I’ve been taking a life drawing class at a community college this year. My professor is great at teaching and extremely knowledgeable about anatomy. This is her last year at the school and she planned a happy ending to her teaching career and a smooth transition back to a full time artist. Now she has to move her class online through Zoom, and for someone who’s not particularly tech savvy, this is not easy. It’s been a couple of weeks now, but our class is still not on track. Meanwhile, she has found some really good materials for us to practice on our own. Here’s a list of stuffs she recommended and/or I’ve been using:
Proko – by Stan Prokopenko. It contains some of the best instruction videos on figure drawing. Enough free stuffs, but if you pay, more structured lessons and practice materials. I personally have been using this site for a while, and am a big fan of their Draftsmen Podcast.
New Masters Academy – They have a subscription plan that allows access to tons of good art classes or master classes. The free stuffs including many timed life drawing videos featuring photos of clothed or nude models.
Croquis Cafe – Videos and photos of models for life drawing. This is probably the closest you can get online to a real life drawing experience. Great models and so many to choose from. My only problem with it is that after they moved to Vimeo, the streaming is less smooth.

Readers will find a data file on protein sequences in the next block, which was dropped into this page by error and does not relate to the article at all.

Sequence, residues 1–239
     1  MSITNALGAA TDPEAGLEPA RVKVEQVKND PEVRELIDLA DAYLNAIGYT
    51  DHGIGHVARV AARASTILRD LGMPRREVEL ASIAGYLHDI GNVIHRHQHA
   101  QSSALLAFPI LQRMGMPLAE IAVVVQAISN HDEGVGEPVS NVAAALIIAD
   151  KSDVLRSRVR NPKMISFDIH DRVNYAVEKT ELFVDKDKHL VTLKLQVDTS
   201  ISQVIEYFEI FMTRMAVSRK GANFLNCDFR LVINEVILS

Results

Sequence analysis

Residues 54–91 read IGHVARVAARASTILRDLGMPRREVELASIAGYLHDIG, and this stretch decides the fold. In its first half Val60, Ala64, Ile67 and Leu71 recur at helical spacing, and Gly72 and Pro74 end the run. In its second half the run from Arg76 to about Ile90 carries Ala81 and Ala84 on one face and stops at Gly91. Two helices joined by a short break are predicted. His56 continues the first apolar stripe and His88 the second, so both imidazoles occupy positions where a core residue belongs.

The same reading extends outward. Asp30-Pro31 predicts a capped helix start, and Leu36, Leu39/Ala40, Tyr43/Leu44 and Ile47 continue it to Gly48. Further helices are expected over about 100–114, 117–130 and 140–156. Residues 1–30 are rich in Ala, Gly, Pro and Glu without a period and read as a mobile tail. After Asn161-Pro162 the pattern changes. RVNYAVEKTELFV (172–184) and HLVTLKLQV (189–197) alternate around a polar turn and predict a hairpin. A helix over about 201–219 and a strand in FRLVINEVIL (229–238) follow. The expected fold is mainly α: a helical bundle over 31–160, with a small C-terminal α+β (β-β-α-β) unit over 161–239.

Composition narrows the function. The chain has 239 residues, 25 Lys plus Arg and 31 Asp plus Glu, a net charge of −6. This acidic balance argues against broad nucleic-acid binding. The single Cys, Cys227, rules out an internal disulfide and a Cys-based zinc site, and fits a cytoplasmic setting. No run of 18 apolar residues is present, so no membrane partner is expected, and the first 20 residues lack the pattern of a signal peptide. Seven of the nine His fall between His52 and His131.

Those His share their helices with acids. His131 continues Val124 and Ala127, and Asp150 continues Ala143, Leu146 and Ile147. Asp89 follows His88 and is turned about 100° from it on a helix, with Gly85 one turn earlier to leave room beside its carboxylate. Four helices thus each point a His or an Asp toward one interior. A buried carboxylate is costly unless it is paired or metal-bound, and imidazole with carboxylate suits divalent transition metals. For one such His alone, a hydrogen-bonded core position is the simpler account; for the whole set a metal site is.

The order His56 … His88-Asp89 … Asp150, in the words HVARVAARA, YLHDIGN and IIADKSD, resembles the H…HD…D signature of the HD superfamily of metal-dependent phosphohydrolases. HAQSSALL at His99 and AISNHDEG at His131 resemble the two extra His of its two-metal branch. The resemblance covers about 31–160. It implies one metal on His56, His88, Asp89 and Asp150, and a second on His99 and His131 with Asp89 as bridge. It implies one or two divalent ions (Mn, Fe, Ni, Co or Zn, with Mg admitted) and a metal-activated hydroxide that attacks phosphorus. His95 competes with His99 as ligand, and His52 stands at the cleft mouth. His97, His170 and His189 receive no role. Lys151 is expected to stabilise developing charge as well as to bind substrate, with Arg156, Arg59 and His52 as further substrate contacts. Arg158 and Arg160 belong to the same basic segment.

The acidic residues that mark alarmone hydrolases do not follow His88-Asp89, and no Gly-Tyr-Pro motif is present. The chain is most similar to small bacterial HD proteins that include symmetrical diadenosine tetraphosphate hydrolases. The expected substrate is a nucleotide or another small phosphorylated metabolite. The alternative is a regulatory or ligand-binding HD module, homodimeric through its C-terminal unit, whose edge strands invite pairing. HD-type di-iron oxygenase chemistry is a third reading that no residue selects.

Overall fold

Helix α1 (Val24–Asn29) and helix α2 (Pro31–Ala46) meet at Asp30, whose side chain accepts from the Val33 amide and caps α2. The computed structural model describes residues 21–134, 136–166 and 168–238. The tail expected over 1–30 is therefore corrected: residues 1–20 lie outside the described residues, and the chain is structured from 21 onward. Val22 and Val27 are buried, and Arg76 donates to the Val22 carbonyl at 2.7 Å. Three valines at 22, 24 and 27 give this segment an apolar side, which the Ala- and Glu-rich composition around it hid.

This is not just a time for staying in, but also coping, adapting and discovering!
I only recently came to know there’s such a thing called ink resist, and was pretty impressed by some of the artworks with this method. So I gave it a try. The result is a meh, but I l had fun and learned something.
So these are the steps I followed:
painting with gouache but leave some area blank; (some people leave only the pencil marks uncovered to achieve neat outlines)
after the painting is completely dry, covered the whole page with sumi ink;
again, wait till it’s completely dry, wash off the ink (I used the garden hose, no kidding.)
and again, wait till it’s dry, and went back to fix here and there. (This step is optional, but I wasn’t that lucky.)
And here are the things I learned:
Like drawing on black paper, this method is a bit counter-intuitive. The areas left blank in the first painting round will be the darkest after the wash. So planning ahead is important, which I didn’t do. In my painting, the blacks serve more like random texture than an organic part of the value pattern.
The paint should be thick, to “resist” the ink and also because gouache is easy to wash off.